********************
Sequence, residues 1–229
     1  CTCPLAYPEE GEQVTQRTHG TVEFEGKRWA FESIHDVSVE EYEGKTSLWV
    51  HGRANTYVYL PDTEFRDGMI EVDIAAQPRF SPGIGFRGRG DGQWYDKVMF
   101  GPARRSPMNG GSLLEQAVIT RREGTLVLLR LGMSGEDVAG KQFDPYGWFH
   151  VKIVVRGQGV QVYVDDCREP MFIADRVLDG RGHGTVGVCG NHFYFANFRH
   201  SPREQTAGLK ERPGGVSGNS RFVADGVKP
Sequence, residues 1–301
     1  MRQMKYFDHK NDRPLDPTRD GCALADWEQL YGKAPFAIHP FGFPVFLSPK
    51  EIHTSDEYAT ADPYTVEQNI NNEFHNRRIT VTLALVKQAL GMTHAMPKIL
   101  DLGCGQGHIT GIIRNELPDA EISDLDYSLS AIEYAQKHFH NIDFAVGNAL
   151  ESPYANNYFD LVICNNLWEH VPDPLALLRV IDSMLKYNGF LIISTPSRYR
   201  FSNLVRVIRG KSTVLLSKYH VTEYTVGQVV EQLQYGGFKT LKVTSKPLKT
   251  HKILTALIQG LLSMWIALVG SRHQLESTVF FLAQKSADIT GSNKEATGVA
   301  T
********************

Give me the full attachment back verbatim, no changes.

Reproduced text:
Sequence, residues 1–229
     1  CTCPLAYPEE GEQVTQRTHG TVEFEGKRWA FESIHDVSVE EYEGKTSLWV
    51  HGRANTYVYL PDTEFRDGMI EVDIAAQPRF SPGIGFRGRG DGQWYDKVMF
   101  GPARRSPMNG GSLLEQAVIT RREGTLVLLR LGMSGEDVAG KQFDPYGWFH
   151  VKIVVRGQGV QVYVDDCREP MFIADRVLDG RGHGTVGVCG NHFYFANFRH
   201  SPREQTAGLK ERPGGVSGNS RFVADGVKP
Sequence, residues 1–301
     1  MRQMKYFDHK NDRPLDPTRD GCALADWEQL YGKAPFAIHP FGFPVFLSPK
    51  EIHTSDEYAT ADPYTVEQNI NNEFHNRRIT VTLALVKQAL GMTHAMPKIL
   101  DLGCGQGHIT GIIRNELPDA EISDLDYSLS AIEYAQKHFH NIDFAVGNAL
   151  ESPYANNYFD LVICNNLWEH VPDPLALLRV IDSMLKYNGF LIISTPSRYR
   201  FSNLVRVIRG KSTVLLSKYH VTEYTVGQVV EQLQYGGFKT LKVTSKPLKT
   251  HKILTALIQG LLSMWIALVG SRHQLESTVF FLAQKSADIT GSNKEATGVA
   301  T